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Five École Polytechnique research projects receive funding from the CFI

March 11, 2005 - Source : NEWS
The Canada Foundation for Innovation (CFI) has awarded $2,758,240 in grants to support five École Polytechnique research projects. The investment was announced by the CFI on March 11, 2005, in a ceremony attended by the federal Industry Minister David Emerson.

This investment by the CFI is in addition to the contribution to the five projects already made by Recherche Québec.

These projects are directed by Nicolas Godbout and David Ménard (both of the Department of Engineering Physics), Isabelle Villemure (Department of Mechanical Engineering), Guillaume-Alexandre Bilodeau (Computer Engineering) and Najib Bouaanani (Department of Civil, Geological and Mining Engineering), in collaboration with Sandra Koboevic and Jean-Philippe Charron.

The CFI funds provide significant support for further scientific progress in high-growth research areas.

Nicolas Godbout's project, titled Experimental Platform for Quantum Cryptography in Optical Fibres, aims to create a research platform for a fibre-optic communications technique that guarantees complete confidentiality.
CFI contribution: $358,654
Recherche Québec contribution : $358,653

A photonics specialist, Mr. Godbout is the first researcher in Canada to have experimentally shown quantum cryptography in an optical fibre. Quantum cryptography allows for complete confidentiality during the exchange of information between various participants. As a result, it offers a level of security that is significantly higher than that of protocols currently used on the Internet or by banking institutions.

Magnetoelectronics and magnetic nanostructures
David Ménard's research program deals with the development of new material, structures and devices using magnetism to process and transmit information. The grant received from the CFI will go toward creating an integrated laboratory that will be used to carry out high-frequency measurements for spintronics (or information processing).
CFI contribution: $398,647
Recherche Québec contribution: $398,647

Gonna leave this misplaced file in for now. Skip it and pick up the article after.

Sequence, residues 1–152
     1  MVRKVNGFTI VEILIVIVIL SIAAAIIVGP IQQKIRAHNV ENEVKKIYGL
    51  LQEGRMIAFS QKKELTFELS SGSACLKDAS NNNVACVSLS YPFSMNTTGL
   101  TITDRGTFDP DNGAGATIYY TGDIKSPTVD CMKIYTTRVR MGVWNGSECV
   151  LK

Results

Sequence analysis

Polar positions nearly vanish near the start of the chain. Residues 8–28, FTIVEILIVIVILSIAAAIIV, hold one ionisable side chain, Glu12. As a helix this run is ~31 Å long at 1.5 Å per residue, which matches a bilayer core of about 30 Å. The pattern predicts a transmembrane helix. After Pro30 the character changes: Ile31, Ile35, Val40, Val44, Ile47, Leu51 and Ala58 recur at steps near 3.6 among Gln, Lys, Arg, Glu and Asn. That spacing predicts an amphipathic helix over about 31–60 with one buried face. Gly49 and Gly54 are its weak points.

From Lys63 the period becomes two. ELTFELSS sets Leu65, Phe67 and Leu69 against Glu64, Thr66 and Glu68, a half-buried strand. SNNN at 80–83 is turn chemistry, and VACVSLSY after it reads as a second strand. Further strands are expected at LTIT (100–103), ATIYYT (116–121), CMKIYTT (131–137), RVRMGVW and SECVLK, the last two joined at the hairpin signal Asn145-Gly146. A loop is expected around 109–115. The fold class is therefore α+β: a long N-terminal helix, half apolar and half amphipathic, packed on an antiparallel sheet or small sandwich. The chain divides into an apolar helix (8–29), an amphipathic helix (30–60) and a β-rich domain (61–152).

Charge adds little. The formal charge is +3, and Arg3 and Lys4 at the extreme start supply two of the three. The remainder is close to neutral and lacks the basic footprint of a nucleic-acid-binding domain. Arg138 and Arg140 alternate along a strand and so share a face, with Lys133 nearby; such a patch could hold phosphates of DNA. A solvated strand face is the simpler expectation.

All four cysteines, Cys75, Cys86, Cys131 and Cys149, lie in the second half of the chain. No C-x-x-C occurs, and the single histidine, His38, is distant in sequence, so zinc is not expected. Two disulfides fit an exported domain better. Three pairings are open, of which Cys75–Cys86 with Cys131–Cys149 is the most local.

Professor Ménard conducts his research in the study and monitoring of magnetism in materials and nanostructures. He is known as one of the few experts in high-frequency magnetism. The integrated research infrastructure project will support a series of activities whose results will have several applications, primarily in information processing, telecommunications and sensors.

Pediatric mechanical biology
The project led by Isabelle Villemure is designed to provide her research group with a pediatric mechanical biology laboratory so that Ms. Villemure can complete her mechanical biology studies on tissular and cellular structures.
CFI contribution: $284,678
Recherche Québec contribution: $284,678

Ms. Villemure, who works with researchers from Hôpital Ste-Justine and Université de Montréal, is conducting research on the effect of loads on the growth of bone tissue. The research is designed to develop new approaches and technologies regarding orthopedic treatment for musculoskeletal pathologies in young patients.

Computer surveillance
Guillaume-Alexandre Bilodeau's project deals with the creation of a research and innovation laboratory to study computer surveillance in real time. With the infrastructure, which integrates embedded information systems, researchers will be able to study various aspects of detection and surveillance in real time.
CFI contribution: $398,274
Recherche Québec contribution: $284,678

Mr. Bilodeau's work on surveillance technology is designed to develop technological solutions that will increase building and personal security. Research applications include the automobile security sector and assistance for doctors.

Design and restoration of major civil engineering constructions
The project by Najib Bouaanani, Sandra Koboevic and Jean-Philippe Charron is designed to equip École Polytechnique's Laboratoire de structures et de matériaux (structures and materials research laboratory) with advanced, versatile equipment. The additional equipment will increase the laboratory's research and innovation potential in studying the characteristics of major civil engineering constructions, from the material to the structure itself.
CFI contribution: $1,317,987
Recherche Québec contribution: $1,317,987

The only one of its kind in Canada, the laboratory managed by Mr. Bouaanani's research group will enable researchers to study various aspects concerning the security, reliability and durability of civil engineering structures.
A major contribution for the future of the country
This research has significant scientific and economic benefits for Québec and Canada.

"The investments announced today will continue to ensure Canada's place among the most innovative countries in the world," Mr. Emerson said.
It is worth noting that, with this grant, Polytechnique has received nearly 15% of the funds distributed by the CFI in this latest competition.

École Polytechnique is delighted with the government support for the leading-edge research carried out at its institution and extends its sincere congratulations to its researchers.

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